Yesterday I drove over 500 miles to take a peek at a 1979 Jeep Cherokee Golden Eagle and a 1987 Jeep Grand Wagoneer—both of which Jalopnik reader Tammy offered me as a package deal for $3,400. Somehow I resisted buying them on the spot, so now I come to you—my dear readers—for advice.

At first glance, anyone who looks at the picture above will probably say “buy it immediately.” And indeed, when I first saw the photos of this sexy wide-track SJ, I thought for sure I’d be forking over some cash when I actually saw the beast in the flesh. But somehow, for the first time in years, I decided to think before buying a Jeep.

On Sunday morning, after removing the wobbly driveshaft from my junkyard-bound Jeep Cherokee, picking up my friend Brandon, and heading 260 miles towards Dayton, Ohio, I arrived at Tammy’s amazing house built on enough acres to house at least ten Jeep junkyards.

Sitting in front of the detached garage was a Jeep Cherokee Golden Eagle, and not far away, wedged between a trailer and some bushes, sat a Grand Wagoneer. The Cherokee’s hood was open, as Tammy’s husband Rodney had just squirted the carb with some starting fluid and jumped the battery. He hopped into the driver’s seat, and cranked the engine. The AMC 360 roared:

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So it runs and it also drives (the engine stalls, though); that’s great. But getting a vehicle running and driving isn’t really the difficult part of a project; what’s hard is getting the thing to look good, and with this Golden Eagle—a vehicle that deserves to be restored to maximum sexiness—that task could potentially put me into the poor-house. Can I give this Jeep the love it deserves? I wonder.

To be sure, the SJ is a stunner from a distance. But up close, it becomes clear that the paint needs to be redone if I want this to be a “nice” Jeep. The clear coat is gone, and there’s surface rust on the roof. Plus, there are some dents in the body, the grille has a crack right down the middle, and the interior needs quite a bit of attention.

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Here’s the cracked grille:

The Golden Eagle graphic on the lower doors has lines running down it, as if the paint from the Jeep had somehow dribbled over time:

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Here’s some algae on the rear fender:

More algae on the other side:

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The underbody is fairly clean, but there is some surface rust, and the exhaust needs work:

There’s a dent on the rear driver’s side quarter panel:

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A bit of trim is missing from the back of the rear pillar:

On the other side, where there is trim on the rear pillar, there’s a ding:

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There’s something wrong with the fitment of the front fender down at the rocker panel:

The steering wheel looks heavily worn, and the seats have a tear or two in them:

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The carpet and the seat belt buckles aren’t great:

The headliner has these strange sheetmetal strips screwed to the roof via what look like self-tapping screws:

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As for the Grand Wagoneer, it, too, looks great from a distance. Just gander at this beautiful Garnet-Metallic Woodie:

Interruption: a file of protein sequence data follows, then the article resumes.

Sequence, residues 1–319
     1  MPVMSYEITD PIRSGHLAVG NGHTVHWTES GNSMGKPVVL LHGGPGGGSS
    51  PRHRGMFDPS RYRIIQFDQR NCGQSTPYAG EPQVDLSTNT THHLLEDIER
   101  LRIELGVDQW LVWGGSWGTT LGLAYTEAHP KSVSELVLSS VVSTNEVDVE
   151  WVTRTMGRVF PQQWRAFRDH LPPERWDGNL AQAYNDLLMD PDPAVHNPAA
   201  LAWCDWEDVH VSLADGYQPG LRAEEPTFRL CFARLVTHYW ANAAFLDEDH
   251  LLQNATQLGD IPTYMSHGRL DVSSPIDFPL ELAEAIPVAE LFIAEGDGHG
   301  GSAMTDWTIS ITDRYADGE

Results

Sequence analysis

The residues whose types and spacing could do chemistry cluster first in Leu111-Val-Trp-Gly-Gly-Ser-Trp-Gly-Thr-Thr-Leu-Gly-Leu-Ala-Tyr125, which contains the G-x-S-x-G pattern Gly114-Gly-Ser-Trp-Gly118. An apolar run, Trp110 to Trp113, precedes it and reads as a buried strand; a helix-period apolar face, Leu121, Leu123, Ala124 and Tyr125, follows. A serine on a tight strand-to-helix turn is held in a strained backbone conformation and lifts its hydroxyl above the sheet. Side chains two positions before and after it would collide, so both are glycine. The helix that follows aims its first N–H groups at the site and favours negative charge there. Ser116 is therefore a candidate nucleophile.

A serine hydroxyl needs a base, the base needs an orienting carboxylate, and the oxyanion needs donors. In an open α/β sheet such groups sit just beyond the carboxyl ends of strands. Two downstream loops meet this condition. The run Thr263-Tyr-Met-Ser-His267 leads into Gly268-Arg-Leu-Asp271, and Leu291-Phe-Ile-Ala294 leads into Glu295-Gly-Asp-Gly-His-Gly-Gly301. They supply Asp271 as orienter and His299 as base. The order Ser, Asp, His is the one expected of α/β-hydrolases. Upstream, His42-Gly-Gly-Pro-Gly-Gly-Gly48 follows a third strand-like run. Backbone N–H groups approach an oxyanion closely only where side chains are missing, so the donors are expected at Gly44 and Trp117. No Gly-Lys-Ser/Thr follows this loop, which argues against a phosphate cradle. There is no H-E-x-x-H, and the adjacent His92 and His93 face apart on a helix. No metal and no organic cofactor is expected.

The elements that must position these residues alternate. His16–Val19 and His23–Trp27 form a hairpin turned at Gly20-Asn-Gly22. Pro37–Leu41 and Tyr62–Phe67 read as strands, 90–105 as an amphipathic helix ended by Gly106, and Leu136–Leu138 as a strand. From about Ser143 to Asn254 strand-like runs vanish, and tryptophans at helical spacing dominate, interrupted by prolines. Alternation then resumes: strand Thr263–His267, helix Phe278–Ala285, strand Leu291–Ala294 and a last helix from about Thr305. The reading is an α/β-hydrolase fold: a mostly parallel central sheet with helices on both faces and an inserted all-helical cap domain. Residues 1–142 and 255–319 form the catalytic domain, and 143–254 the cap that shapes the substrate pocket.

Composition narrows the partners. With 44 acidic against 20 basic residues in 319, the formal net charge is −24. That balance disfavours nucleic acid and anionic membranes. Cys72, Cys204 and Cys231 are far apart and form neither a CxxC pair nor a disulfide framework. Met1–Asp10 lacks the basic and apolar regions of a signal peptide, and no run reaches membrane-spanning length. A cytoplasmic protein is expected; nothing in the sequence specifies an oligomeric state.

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The vinyl looks awesome, but what doesn’t look so hot are those rockers and the rear quarter panels, which have succumbed to rust as is normal with SJ Jeeps in the salt belt:

Not to mention the driver’s side floorboards. There’s not much left:

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After Tammy and Rodney showed us the Jeeps (and also their amazing 1967 Ford Fairlane convertible, Tammy’s sub-20,000-mile Mazdaspeed MX-5 (which is also for sale!) and lots of old Rally equipment Tammy and her late husband had acquired after being active in the rally community for years, I asked Tammy if I could take a bunch of photos to show to some friends before I made my decision. She told me that was no problem at all.

I have one friend in particular who’s an expert on all things SJ (he used to work at the old AMC headquarters on Plymouth Road in Detroit after it became “Jeep Truck Engineering.” He’s having a gander at my pictures, and we’ll discuss if I should pick this Cherokee Golden Eag up, or if maybe it’s not right for me.

Also complicating the matter is that it seems Rodney and Tammy are most interested in selling the Cherokee Golden Eagle and Grand Wagoneer as a package, rather than separating them. As I have my own rusty Grand Wagoneer (admittedly, Tammy’s is in better shape), if I do buy something, I’d prefer to just take the Golden Eagle.

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Another factor in my thought-process is the fact that I already have two SJ projects, an awesome J10 that I haven’t put nearly enough time into, and of course, my $800 Jeep Grand Wagoneer, which has been getting lots of love lately, since I’m taking it to Moab, Utah in March on an off-road expedition.

All the work I’m doing on my Grand Wagoneer would translate over to the Golden Eagle, since they’re basically the same vehicle. And boy would that two-door SJ make for a fun summer cruiser.

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If I’m totally honest, part of me wants to stop this whole “thinking” thing and just go for it like I always do. The other part of me—a part that didn’t exist just three days ago—wants to make a sound, logical decision. Hmm...

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The engine runs!
The floors have only a bit of surface rust
The fenders—typically trouble-spots for SJ Jeeps—look decent.

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Correction: This article originally stated “ex-husband” instead of “late husband.” I regret the error.